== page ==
Target was among the biggest improvers/decliners, rising from No. 72 in last year’s poll to No. 51 this year. Also seeing double-digit changes in their 2020 ranking versus 2019 were Kroger (+12), Costco (+11), CVS (+11) and Dollar General (-14).
“Throughout the public health crisis, our entire team of 500,000 associates has worked tirelessly to provide a safe environment for our customers and each other, with open stores, e-commerce solutions and an efficiently operating supply chain so that our communities have access to fresh, affordable food and essentials,” Kroger Chairman and CEO Rodney McMullen said in a statement on Kroger’s No. 9 finish in the Axios Harris Poll 100. “At Kroger, our ‘Purpose is to Feed the Human Spirit,’ which means we are driven to do more and help make the lives of those around us better, especially in times of uncertainty. I’m so proud of our associates’ ongoing commitment to being there for our communities when they need us most.”
Kroger noted that it also was a top performer on two new measures in the survey, including “best on COVID” (meaningful actions to address the challenges of COVID-19) and “best on racial equality” (meaningful actions in support of racial equality).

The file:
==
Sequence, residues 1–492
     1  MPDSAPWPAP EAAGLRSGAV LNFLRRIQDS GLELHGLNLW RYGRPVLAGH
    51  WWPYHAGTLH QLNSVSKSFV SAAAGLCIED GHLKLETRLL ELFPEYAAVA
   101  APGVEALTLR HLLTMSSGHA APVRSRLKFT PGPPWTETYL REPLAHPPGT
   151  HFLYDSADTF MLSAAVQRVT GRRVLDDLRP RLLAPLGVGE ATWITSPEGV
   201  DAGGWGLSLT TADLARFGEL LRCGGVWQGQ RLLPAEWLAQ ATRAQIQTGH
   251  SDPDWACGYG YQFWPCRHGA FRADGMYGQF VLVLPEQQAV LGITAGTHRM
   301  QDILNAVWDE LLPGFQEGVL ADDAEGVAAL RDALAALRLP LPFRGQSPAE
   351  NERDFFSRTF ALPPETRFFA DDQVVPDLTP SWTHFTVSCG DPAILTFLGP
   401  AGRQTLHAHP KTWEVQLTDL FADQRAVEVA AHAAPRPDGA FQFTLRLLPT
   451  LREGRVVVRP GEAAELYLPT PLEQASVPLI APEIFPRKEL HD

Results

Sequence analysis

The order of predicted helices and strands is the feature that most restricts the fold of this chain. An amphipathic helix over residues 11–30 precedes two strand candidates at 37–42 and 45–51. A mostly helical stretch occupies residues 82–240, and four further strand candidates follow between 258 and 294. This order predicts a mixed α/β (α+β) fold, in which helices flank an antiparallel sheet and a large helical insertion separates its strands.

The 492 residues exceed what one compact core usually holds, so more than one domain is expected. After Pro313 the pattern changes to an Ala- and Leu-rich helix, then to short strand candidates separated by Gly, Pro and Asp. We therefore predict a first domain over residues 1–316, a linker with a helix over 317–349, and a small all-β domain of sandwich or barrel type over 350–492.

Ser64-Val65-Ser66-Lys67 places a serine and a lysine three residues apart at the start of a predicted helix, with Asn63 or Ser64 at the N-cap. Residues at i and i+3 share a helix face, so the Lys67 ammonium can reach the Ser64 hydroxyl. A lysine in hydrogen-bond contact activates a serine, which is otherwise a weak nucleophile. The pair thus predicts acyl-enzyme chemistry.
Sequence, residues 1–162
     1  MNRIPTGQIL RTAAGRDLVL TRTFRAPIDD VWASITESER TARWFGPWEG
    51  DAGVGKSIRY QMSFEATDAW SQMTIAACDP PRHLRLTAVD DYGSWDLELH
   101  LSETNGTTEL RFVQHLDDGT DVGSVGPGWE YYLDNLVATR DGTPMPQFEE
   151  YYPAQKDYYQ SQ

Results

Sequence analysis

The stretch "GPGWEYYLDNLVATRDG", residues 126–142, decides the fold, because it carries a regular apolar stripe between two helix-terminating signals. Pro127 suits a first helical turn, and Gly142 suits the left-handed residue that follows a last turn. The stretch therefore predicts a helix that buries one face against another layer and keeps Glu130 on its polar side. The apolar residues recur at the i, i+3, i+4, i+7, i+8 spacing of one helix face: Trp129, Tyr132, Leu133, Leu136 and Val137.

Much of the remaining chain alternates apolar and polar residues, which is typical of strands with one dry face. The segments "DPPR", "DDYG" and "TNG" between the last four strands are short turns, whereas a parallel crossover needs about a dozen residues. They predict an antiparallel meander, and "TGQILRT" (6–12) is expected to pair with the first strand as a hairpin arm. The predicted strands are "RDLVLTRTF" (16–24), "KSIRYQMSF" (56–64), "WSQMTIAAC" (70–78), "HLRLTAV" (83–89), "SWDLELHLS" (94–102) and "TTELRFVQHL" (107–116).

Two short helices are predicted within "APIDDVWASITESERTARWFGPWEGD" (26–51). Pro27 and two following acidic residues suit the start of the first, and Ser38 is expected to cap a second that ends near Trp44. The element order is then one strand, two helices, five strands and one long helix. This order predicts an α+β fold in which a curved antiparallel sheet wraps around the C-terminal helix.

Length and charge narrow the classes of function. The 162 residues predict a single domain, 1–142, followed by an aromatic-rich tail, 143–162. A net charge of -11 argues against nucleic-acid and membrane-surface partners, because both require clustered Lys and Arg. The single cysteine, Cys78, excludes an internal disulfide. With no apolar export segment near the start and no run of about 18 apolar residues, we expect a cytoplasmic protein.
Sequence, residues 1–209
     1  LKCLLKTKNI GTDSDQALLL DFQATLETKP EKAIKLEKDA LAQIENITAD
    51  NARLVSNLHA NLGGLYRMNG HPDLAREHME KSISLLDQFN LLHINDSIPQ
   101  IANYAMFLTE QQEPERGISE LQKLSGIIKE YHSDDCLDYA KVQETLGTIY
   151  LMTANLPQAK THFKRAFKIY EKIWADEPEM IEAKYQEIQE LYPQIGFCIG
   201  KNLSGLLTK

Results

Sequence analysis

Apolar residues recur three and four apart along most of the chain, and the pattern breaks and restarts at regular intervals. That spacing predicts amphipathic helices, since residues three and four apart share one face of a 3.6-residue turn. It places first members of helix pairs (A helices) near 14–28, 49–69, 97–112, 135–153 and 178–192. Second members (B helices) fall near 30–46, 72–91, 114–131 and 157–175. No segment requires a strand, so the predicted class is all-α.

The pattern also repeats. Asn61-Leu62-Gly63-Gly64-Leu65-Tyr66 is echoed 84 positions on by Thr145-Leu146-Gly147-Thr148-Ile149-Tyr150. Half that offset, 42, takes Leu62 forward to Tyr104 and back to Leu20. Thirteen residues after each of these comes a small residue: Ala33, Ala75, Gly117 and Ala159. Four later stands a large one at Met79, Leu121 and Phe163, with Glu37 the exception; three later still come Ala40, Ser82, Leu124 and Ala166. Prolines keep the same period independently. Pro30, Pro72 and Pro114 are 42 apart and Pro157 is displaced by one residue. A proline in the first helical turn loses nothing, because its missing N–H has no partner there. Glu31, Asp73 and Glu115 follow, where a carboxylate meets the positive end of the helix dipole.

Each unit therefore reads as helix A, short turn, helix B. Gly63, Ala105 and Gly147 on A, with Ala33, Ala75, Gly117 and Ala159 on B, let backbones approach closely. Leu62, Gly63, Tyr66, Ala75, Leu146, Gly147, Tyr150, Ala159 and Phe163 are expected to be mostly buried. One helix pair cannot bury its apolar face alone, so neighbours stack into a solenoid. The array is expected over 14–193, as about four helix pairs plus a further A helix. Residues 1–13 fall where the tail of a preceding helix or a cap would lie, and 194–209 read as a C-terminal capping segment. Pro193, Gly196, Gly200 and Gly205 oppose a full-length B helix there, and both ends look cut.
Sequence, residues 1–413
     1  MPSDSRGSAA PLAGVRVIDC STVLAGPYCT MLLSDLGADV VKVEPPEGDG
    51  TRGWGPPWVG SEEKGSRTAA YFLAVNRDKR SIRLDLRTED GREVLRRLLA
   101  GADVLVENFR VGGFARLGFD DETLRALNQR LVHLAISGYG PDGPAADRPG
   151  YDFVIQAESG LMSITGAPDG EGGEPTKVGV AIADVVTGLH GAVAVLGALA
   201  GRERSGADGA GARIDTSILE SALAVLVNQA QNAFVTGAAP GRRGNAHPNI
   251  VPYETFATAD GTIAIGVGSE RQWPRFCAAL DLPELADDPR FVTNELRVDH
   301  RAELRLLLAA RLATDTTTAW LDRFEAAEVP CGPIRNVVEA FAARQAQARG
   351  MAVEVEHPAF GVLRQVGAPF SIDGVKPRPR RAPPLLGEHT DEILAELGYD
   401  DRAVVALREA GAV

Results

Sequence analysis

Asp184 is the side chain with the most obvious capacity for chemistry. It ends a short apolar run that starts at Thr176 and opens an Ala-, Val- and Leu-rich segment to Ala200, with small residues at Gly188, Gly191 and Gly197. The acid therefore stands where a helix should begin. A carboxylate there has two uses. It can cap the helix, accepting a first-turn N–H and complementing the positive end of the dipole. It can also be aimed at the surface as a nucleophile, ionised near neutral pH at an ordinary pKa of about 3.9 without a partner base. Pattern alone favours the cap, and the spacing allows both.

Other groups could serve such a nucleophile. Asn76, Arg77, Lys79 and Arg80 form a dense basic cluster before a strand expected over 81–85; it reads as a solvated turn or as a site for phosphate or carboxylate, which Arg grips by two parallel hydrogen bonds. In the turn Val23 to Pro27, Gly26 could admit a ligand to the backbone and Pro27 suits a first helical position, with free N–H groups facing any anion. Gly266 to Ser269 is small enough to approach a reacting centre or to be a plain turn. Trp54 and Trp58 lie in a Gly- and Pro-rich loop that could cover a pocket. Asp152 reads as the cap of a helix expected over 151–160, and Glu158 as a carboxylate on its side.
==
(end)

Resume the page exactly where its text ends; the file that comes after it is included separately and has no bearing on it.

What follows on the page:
“The dual crises of COVID-19 and racial injustice have only accelerated Kroger’s long-standing commitment to supporting our associates, customers and communities,” commented Keith Dailey, Kroger’s group vice president of corporate affairs and chief communications and sustainability officer. “Kroger’s inclusion in the top 10 for the first time on the Axios Harris Poll 100 is a testament to our associates rising to meet the moment by living our purpose, and to our leaders for their commitment to deepening ESG integration in our business.”
Across the seven key attributes of reputation, grocery retailers were top 10 finishers in ethics (Publix at No. 2, Costco at No. 4, Kroger at No. 5), culture (Publix at No. 1, Amazon at No. 8), citizenship (Publix at No. 2, Wegmans at No. 4, Costco at No. 7, Amazon at No. 8), products and services (Amazon at No. 3), growth (Amazon at No. 1, Costco at No. 5, Kroger at No. 6), vision (Amazon at No. 1, Publix at No. 4, Kroger at No. 6) and trust (Publix at No. 1, Costco at No. 5, Wegmans at No. 8, Kroger at No. 9 and Amazon at No. 10).